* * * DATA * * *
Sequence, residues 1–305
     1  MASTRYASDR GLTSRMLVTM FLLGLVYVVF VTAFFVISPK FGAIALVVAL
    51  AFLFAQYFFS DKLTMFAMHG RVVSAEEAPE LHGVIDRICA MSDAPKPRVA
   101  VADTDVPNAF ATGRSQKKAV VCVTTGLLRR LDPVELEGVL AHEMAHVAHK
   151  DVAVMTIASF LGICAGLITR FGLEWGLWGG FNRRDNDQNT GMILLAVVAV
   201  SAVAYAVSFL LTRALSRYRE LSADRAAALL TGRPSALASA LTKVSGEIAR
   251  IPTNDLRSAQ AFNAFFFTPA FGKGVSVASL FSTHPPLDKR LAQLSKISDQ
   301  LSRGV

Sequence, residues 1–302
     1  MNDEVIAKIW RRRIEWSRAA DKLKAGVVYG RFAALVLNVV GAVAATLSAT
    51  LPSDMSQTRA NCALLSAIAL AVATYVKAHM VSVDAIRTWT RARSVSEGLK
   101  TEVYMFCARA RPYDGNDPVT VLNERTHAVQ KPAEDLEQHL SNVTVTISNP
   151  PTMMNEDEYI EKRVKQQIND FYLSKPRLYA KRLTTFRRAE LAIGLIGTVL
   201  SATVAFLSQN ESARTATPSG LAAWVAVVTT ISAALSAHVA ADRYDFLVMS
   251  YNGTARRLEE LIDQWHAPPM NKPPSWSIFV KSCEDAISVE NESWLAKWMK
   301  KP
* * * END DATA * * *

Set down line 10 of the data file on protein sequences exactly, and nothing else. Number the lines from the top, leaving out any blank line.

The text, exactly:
     1  MNDEVIAKIW RRRIEWSRAA DKLKAGVVYG RFAALVLNVV GAVAATLSAT